People from all sides of the political spectrum are more angry than ever before at what’s happening. Some people have even described their anger as “rage,” even at the sight of an opposing political figure.
Where does this kind of anger come from?
- The more powerless and out of control we feel, the more angry we become.
- When we’re afraid, we become angry as a way of “fighting” what we think is threatening…like fight or flight.
- We become angry when we have either consciously or unconsciously relied on politicians and government for our well-being and now we believe they no longer represent us.
I have a friend who says he gets angry when he sees political injustice…he feels powerless. A client says they are angry because they don’t know what’s going to happen in the future…she feels afraid. Another friend says he hasn’t had to be involved in politics for decades, because “things seemed to be moving along ok and he’s now angry…he’s been dependent on politicians.
Anger can be positive, like being cathartic. And anger can also help motivate us to do what we need to do. For example, when I had a private practice of 12 therapists and two office staff, we were giving a presentation in the community and nobody had done the mailers I asked for. I got angry enough that I went home that night, printed out the announcements, had my kids help me stuff envelopes and mailed them myself the next day.
But when it’s rage, or extreme and reactive anger, it’s not helpful. What’s the process of dealing with this rage? By:
- Taking a step back from whatever is really bothering us and stop obsessing about what’s going on.
- Then, getting some self-reflection into either why it’s bothering us so much or what we are doing that is making the situation worse.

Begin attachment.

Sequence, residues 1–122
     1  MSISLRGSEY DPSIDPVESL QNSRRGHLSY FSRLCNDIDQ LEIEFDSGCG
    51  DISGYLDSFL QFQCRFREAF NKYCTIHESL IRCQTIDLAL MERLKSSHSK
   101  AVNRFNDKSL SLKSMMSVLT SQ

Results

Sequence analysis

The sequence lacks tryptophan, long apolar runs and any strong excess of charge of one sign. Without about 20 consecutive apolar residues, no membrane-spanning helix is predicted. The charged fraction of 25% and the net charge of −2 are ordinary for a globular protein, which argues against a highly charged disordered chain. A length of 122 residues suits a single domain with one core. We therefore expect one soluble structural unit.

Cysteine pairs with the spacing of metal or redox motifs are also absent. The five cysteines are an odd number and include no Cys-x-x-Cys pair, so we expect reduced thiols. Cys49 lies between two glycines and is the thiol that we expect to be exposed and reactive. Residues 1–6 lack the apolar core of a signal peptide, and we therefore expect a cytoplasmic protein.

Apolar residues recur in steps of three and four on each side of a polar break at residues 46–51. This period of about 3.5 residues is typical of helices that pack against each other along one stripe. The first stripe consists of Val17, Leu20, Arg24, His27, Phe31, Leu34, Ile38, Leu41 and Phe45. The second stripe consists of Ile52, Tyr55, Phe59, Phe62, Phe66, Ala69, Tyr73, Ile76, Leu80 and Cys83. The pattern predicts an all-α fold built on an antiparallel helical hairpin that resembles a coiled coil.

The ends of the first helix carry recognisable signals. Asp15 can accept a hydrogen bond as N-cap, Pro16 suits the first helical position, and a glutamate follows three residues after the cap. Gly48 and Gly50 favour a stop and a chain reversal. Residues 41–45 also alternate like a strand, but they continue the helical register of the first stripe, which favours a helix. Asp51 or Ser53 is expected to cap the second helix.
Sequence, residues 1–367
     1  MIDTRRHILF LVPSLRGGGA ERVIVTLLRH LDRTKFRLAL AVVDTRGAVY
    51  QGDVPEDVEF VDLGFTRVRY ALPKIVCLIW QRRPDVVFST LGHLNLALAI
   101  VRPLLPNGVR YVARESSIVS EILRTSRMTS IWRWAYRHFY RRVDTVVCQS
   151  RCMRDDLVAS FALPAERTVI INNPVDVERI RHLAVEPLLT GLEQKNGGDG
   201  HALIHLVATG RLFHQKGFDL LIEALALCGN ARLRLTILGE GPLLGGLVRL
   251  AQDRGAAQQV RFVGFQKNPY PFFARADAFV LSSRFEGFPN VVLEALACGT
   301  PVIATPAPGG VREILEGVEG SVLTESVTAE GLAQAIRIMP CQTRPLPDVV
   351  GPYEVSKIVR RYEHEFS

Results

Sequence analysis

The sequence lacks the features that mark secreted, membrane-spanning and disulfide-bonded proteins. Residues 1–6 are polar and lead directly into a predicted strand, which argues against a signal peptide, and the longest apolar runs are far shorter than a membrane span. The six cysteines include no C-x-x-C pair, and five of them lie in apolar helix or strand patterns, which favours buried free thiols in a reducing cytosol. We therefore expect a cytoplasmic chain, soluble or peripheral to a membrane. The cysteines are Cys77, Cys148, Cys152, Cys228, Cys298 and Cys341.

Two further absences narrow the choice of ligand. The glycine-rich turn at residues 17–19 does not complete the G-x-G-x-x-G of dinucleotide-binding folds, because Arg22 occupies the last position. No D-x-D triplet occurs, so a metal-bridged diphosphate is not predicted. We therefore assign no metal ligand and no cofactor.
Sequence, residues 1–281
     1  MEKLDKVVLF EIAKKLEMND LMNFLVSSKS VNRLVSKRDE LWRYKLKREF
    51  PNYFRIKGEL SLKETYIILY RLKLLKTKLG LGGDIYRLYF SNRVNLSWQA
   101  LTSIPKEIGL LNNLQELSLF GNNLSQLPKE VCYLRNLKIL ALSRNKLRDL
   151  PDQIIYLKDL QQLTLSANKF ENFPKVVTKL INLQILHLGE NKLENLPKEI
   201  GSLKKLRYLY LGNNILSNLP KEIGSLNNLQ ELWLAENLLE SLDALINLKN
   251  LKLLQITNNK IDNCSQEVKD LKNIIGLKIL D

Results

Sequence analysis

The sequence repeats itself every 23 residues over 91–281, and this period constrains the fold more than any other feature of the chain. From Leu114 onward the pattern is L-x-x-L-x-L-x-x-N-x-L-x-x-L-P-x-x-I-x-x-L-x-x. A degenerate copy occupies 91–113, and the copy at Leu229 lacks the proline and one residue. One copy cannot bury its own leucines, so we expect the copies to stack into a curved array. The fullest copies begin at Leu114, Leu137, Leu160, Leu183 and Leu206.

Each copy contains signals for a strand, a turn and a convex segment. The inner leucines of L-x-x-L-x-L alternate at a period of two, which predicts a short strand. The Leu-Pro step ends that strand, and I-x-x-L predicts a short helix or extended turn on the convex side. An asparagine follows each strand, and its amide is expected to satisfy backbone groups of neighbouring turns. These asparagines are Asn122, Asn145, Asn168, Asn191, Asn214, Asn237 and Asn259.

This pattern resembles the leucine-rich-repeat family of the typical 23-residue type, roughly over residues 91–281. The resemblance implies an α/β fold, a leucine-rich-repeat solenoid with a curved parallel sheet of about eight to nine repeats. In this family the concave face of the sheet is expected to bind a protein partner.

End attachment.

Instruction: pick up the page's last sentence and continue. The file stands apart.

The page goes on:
- From this insight, making decisions on what we need to do and what we need to develop about ourselves. It’s about figuring out who we want to be. How we want to act in the face of adversity.
- Stepping back into the world and practicing what we have decided to do. What characteristics we need to develop about ourselves so we are stronger, more fortified and grow more into being who we want to be.
For example, Donald Trump puts a ban on 7 Muslim dominated countries and there are rallies and marches across the United States. Some people feel outraged at him putting on the ban and others feel outraged at the demonstrations. Take a step back and clear your mind. Stop obsessing and being self-righteous. Focus on calming down your thoughts. Then, figure out why this is bothering you. Are you feeling powerless that whatever happens you really don’t have any say in it or that so many people are against what you think you have to defend your position? Are you afraid, on one hand, that this action is taking away due process and equal protection or, on the other hand, that the country is being ruled by liberal activist who don’t give a damn about terrorism? Are you simply believing that there is so much confusion and division in this country that the relative peace and prosperity you have depended on in the past is now threatened? Well, decide what you’re going to do. Get more involved in politics yourself? Limit the amount you’re going to listen to news? Talk to friends about options you might have? Run for office yourself? Stay calm and active at the same time? Make sure you take care of yourself and keep routines in your life that contribute to your well being?
When productive anger becomes rage it’s time to take a step back and figure out what you’re going to do to feel more in control, less afraid and more independent.